|American Goldfinch on Thistle. Early State of Multi-block Woodcut by Ken Januski.|
Whenever I resume printmaking there's a sense of excitement and possibility, as though I'm finally getting back to what I really should be doing. Since I've been involved with art for 40 years though and with printmaking less than 10 this is a bit surprising. Still it seems to be true. I do find much to like in printmaking, if you ignore of course all the technical problems that it is always throwing up.
A few months ago I did a watercolor sketch of an American Goldfinch vigorously tearing apart a thistle. I first did some field sketches and used those and some photos I took as the basis of the watercolor.
As so often happens these watercolor sketches eventually become prints. Who knows why this procedure seems to be comfortable and work well for me?
What struck me about the American Goldfinch when I saw it was the very vigorous pose. I couldn't help but notice the force that was shown in the legs as they gripped the flower tenaciously.
Perhaps because of all the years I spent doing figure drawing from life, and perhaps for a million other reasons, I've always liked work that shows the gesture of things. I've always been this way no matter how deep I might have been in abstract art.
And that's one thing I found that I really liked about wildlife artist Bob Kuhn when I first started looking at his work about two years ago. I've never been very fond of wildlife art, especially the big game type that Kuhn often did. What I discovered though was that what I didn't like was the clichéd big game art, not the portrayal of big game itself. Good wildlife art, as Kuhn's was, really appreciates the subject portrayed and tries to do it justice.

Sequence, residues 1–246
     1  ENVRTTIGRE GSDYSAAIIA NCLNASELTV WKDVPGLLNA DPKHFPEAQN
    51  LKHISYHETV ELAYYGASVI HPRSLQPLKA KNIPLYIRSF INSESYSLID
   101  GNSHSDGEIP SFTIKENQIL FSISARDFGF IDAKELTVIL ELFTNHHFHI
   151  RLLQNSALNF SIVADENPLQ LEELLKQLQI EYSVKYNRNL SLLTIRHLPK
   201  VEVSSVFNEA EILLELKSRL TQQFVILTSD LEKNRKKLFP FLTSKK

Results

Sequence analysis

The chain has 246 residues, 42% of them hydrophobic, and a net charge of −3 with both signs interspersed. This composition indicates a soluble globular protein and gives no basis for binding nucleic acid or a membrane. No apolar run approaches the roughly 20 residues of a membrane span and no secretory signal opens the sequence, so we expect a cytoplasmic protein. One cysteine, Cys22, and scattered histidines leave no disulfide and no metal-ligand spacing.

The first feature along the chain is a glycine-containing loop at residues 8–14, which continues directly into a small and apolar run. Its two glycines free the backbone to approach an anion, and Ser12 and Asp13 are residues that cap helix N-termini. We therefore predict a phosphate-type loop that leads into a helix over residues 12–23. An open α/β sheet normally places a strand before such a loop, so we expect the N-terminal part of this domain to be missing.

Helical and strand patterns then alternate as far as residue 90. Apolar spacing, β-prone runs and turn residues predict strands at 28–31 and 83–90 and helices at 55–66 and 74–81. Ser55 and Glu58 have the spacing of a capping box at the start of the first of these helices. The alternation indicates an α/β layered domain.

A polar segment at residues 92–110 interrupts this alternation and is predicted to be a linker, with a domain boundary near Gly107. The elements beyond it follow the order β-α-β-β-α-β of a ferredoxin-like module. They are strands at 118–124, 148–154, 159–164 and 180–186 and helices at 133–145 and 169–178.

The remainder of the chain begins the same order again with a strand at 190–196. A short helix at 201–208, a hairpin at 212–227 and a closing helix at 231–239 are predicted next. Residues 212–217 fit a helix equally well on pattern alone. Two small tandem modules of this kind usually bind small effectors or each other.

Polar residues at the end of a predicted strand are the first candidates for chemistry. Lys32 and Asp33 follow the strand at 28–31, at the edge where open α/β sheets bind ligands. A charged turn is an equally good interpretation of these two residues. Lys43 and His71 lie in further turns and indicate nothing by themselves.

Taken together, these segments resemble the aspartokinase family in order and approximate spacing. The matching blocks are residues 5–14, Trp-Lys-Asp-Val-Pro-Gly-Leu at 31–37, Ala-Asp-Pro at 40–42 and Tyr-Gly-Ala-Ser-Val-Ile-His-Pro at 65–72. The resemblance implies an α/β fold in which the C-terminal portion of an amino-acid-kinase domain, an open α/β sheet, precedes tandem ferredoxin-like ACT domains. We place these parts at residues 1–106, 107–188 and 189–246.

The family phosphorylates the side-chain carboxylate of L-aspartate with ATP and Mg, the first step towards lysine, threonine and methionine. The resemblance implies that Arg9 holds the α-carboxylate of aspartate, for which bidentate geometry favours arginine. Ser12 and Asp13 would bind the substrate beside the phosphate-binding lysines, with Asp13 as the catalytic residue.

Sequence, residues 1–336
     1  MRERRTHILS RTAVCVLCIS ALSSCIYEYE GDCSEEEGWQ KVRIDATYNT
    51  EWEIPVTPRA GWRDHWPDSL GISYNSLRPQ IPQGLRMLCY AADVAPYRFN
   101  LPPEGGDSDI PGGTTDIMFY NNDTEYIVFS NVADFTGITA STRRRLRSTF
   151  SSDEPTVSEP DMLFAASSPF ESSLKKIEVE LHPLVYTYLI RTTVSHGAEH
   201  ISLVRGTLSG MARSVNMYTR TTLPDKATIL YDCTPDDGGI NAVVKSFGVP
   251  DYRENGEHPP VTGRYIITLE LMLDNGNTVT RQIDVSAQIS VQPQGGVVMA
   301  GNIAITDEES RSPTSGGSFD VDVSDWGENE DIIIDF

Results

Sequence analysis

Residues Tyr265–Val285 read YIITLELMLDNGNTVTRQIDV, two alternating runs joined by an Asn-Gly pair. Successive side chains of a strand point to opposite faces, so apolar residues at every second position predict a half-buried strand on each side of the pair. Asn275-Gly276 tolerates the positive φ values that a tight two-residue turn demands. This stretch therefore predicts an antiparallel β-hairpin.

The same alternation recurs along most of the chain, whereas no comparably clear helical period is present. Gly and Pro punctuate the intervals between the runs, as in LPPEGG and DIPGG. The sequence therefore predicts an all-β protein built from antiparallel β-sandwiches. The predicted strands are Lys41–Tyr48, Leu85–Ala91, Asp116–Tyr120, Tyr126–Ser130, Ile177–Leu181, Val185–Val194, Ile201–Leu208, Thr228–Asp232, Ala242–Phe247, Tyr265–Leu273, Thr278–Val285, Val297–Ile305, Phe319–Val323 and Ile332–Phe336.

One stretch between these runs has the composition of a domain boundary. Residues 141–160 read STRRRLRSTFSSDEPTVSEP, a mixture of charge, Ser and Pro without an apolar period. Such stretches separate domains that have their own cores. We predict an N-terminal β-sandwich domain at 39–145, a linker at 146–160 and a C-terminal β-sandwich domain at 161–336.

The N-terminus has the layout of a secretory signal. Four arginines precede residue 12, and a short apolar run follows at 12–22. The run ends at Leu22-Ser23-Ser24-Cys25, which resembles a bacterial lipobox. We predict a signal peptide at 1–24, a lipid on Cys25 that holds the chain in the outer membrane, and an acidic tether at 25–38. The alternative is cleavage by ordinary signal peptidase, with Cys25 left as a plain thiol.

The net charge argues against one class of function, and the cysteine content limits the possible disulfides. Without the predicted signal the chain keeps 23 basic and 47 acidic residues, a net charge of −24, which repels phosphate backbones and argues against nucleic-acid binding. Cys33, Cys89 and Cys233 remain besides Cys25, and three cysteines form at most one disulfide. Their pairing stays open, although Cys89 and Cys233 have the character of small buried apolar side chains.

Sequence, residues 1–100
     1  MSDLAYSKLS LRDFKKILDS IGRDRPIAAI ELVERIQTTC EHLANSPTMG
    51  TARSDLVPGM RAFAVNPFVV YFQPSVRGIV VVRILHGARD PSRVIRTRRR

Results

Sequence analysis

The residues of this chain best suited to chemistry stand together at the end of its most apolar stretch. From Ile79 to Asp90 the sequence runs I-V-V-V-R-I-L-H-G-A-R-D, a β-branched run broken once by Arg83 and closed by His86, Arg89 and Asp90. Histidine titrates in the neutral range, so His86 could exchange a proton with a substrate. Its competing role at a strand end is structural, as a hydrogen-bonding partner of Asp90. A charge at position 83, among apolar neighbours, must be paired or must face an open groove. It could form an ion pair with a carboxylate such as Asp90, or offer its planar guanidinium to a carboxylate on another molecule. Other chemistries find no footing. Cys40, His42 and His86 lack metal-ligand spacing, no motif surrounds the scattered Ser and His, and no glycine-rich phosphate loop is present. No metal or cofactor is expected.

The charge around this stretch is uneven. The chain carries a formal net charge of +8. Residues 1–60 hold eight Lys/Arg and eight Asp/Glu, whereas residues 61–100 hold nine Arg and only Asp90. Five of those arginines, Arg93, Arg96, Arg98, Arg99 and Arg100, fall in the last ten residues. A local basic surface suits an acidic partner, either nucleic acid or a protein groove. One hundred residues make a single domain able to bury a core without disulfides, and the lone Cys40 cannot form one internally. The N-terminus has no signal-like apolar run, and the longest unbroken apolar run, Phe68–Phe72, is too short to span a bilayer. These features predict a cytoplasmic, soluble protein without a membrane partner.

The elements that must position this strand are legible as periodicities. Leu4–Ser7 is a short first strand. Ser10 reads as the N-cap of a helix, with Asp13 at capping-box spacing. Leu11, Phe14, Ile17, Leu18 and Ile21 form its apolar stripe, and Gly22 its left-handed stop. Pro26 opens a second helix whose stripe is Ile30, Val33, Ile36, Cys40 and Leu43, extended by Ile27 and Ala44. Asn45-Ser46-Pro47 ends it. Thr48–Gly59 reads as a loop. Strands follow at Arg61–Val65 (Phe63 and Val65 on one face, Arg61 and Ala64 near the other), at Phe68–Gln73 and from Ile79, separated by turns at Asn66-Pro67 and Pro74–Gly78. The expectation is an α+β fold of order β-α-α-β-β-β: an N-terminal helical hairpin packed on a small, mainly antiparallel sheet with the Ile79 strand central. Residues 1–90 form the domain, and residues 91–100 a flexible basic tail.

What was even more surprising in reading about Kuhn though and in looking at his work in reproduction is how aware he was of contemporary art. Most surprising was his use of contemporary art influences, most obviously painter Mark Rothko, in his work. He combined, quite successfully, abstraction and vigorous, realistic action.
That's the surprising influence I refer to in my title. His example always reminds me that it is possible to combine realism and abstraction in art. And he remains a surprising influence on my own work. Off the top of my head I can only think of one other such person: Jean-Baptiste-Simeon Chardin, the 18th century French still life painter. I don't think his work has ever knowingly influenced my work but I don't think I'll ever be able to un-digest as it were the quirt simplicity and beauty of his paintings. I'm sure that this is true for most artists. At least I hope so.
The woodcut above includes, at the moment, both sides of a piece of Shina plywood. On one side I'm carving the black areas, and on the others the colored areas, most likely, yellow, pink, perhaps a green and perhaps a blue. My current plans are to print the color as abstract shapes, as in some other recent prints, and print the black last on top of that. But I never know. Once a print is started it, and not me, dictates what happens next.
I wrote recently of being contemporary in your art. I think more than anything else it's the sense of improvisation that seems most contemporary in my work. This is not really good or bad, nor even planned or unplanned. It's just the way I prefer to work. I can't say why.